Unshackled from domestic restrictions, Chilean pension funds hope to find new homes in the U.S. real estate investment market. One such international investment fund, Santiago-based Fronteras Fondo de Inversion Internacional, has selected Draper & Kramer Realty Advisors Inc., Chicago, as its exclusive U.S. realty adviser.
The move follows recent legislative changes allowing Chilean pension funds to invest in offshore real estate.
"We expect to initially raise about $50 million, but it's quite likely that it will grow beyond that amount," explained Juan Ariztia, president of Fronteras. "Initially, we will be looking at four real estate markets, three of which will be in Latin America," he said. In addition to the United States, the three investment markets are Brazil, Argentina and Venezuela.
In the future, he said, his fund likely will hire a number of South American-based realty advisers. In addition, Mr. Ariztia said consideration is being given to establishing "an international real estate fund, based outside of Chile." He expects a decision to be made "within the next year."
As for Fronteras' U.S. investments, Mr. Ariztia said that his fund chose Draper & Kramer as a result of its "knowledge and history in the American real estate market."
He also cited a variety of reasons for seeking U.S. real estate investments. "I would say that the U.S. offers the most professional real estate market available," he explained. "In order to truly make the most of a successful, diversified international real estate investment fund, I believe you have to have some of your portfolio invested in America."
Lew Kresch, senior vice-president at Draper & Kramer, explained that "Chilean pension funds are currently estimated at approximately $30 billion. By law, workers are allowed to invest up to a maximum of 10% of their pension fund in external real estate."
Mr. Kresch added that funds such as Fronteras are "analogous to our 401(k) plans, in that they provide workers with a number of investment alternatives."
According to Mr. Ariztia, Chilean defined contribution pension funds have grown in popularity in recent years; however, prior to this spring's legislative changes, funds had been limited to "investments in shares and bonds."
"The ability to invest in real estate opportunities on an international level provides for a more secure, diversified retirement portfolio for Chilean workers," he said.
The Fronteras fund was established in June, and operates as a closed-end international investment fund. Established investment guidelines for the fund require Draper & Kramer to pursue investments with typically a low- to moderate-risk profile. Property sizes will range from $2 million to $20 million.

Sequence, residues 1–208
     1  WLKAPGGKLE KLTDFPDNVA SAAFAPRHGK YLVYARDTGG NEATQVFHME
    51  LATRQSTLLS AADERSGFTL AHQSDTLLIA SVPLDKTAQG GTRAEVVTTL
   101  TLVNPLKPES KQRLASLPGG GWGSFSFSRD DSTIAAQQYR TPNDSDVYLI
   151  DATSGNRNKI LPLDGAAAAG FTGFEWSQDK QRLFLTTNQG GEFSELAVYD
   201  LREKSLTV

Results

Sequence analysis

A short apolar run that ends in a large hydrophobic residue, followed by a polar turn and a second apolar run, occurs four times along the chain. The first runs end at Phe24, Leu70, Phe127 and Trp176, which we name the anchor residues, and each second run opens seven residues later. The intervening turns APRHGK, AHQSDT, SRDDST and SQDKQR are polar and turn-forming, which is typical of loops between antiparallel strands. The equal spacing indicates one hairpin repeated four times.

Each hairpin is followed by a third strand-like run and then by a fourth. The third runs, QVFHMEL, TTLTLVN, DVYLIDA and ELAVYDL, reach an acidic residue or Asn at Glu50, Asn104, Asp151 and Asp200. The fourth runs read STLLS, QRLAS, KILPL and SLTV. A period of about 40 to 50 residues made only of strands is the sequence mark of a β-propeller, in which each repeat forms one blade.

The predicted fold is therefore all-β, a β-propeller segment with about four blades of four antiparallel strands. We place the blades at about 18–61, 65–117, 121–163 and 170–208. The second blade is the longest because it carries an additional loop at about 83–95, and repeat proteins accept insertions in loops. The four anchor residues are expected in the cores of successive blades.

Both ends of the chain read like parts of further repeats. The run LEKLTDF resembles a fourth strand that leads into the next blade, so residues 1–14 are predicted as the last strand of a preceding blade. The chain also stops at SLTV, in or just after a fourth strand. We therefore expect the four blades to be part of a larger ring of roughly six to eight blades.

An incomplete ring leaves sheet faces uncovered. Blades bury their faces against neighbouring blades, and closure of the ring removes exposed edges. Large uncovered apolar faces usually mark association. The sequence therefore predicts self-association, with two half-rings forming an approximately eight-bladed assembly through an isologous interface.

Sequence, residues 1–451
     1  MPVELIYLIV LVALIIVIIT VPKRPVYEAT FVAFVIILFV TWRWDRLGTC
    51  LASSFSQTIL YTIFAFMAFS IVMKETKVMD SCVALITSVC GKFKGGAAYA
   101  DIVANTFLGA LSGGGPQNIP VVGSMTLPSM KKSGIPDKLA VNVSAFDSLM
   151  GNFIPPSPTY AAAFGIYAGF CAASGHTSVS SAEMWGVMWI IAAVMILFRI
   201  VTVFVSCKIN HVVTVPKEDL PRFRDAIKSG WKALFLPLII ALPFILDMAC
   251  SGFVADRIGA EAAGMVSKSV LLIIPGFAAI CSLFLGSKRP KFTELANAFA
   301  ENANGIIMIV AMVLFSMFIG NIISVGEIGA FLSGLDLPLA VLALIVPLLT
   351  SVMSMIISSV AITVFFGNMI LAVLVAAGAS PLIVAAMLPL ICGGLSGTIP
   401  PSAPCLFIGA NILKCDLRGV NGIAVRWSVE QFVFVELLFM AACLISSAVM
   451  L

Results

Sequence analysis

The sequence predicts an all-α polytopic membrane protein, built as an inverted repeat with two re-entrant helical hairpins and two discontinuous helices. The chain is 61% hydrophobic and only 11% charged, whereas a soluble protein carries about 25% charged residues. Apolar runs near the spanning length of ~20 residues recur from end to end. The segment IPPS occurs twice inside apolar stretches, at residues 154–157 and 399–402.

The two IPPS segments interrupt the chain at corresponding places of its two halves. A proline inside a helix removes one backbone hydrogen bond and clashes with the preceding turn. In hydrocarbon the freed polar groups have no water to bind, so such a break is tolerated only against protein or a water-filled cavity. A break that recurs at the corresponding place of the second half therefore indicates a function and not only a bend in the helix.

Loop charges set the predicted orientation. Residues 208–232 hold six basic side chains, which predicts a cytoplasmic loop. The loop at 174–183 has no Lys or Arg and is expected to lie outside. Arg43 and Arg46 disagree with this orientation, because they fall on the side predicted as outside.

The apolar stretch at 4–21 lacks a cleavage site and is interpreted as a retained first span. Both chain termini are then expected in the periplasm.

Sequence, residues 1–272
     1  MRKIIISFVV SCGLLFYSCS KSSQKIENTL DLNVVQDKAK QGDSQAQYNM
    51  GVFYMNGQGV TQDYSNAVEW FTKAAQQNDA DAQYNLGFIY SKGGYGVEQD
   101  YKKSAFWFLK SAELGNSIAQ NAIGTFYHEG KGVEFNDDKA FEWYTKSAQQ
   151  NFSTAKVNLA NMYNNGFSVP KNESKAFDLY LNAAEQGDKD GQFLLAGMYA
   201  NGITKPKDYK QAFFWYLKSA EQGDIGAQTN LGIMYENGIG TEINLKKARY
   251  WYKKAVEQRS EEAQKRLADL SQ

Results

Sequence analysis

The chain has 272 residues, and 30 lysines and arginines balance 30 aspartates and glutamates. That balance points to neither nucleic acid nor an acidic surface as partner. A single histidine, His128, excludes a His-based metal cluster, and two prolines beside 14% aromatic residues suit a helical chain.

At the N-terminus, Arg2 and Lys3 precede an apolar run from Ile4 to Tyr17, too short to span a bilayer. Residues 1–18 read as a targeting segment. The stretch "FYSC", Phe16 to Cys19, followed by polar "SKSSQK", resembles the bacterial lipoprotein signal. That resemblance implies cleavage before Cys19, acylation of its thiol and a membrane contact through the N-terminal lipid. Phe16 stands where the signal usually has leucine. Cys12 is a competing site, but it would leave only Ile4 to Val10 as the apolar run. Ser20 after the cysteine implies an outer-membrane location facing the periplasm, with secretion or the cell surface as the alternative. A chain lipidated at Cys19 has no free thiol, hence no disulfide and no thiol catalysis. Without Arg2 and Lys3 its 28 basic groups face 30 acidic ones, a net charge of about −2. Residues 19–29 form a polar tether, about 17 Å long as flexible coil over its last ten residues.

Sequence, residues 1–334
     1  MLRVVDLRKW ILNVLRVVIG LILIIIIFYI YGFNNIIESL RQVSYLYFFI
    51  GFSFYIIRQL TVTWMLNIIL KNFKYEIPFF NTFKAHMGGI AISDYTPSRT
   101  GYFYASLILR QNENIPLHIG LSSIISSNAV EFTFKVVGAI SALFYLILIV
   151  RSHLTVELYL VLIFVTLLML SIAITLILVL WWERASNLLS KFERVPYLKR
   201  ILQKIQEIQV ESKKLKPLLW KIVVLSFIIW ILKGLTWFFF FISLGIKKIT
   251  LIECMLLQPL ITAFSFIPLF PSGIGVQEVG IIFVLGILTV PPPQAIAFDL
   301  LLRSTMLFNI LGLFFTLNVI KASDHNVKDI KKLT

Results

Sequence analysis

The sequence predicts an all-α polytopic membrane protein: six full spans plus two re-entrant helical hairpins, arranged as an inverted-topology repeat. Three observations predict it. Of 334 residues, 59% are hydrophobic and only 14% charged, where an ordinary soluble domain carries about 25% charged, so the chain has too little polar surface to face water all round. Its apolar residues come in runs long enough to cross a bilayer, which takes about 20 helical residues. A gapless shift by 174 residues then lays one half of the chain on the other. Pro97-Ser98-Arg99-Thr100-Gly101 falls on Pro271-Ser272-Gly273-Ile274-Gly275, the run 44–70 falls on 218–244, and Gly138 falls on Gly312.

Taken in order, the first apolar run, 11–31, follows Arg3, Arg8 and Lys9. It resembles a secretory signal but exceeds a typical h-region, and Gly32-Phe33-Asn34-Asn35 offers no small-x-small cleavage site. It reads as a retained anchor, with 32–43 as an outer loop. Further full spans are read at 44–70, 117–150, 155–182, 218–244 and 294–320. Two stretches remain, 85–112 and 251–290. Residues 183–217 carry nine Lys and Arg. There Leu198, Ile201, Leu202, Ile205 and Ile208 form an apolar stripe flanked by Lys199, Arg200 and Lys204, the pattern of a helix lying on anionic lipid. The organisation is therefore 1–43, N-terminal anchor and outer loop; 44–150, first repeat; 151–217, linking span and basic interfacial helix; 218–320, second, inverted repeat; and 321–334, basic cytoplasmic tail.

"We expect to be concentrated on real property investments," Mr. Kresch explained. "Although we will examine opportunities in the real estate investment trust area, one of our main criteria will be to find property locations with strong economic fundamentals. We'll also be looking at joint-venture projects, as well as existing properties with development potential." Property types will include office, industrial, warehouse/distribution and retail. Both single and multi-tenant properties also are being considered.
According to Mr. Kresch, the process of negotiating the partnership with the Chilean fund took "a little more than six months to get it on paper." Although he conceded the 12-hour flight to Chile made this relationship intrinsically more challenging than a domestic partnership, Mr. Kresch cited the personal background of Mr. Ariztia as a major asset.
"As one of the key players in coordinating the changes that occurred, Mr. Ariztia was instrumental in helping to pioneer Chile's privatization of its social security system in the 1980s," he said. "He has gone on to utilize that knowledge in the capacity of consultant to many other Latin American funds and governments."
Mr. Ariztia said each of the Latin American markets in which Fronteras will invest provides unique opportunities.
"Brazil, for example, has a very dynamic real estate market," he explained. "Some economic problems may still exist, but in the long run you can't think about investing in South American real estate without considering Sao Paulo.
"Argentina, on the other hand, is similar to Chile and is geographically close by. Their current economic climate makes this a good time to consider real estate investment opportunities there.
"Venezuela is going through an interesting process of privatization of its assets," said Mr. Ariztia. "I believe that given these changes, this is a particularly good moment to examine the real estate investment opportunities in that market."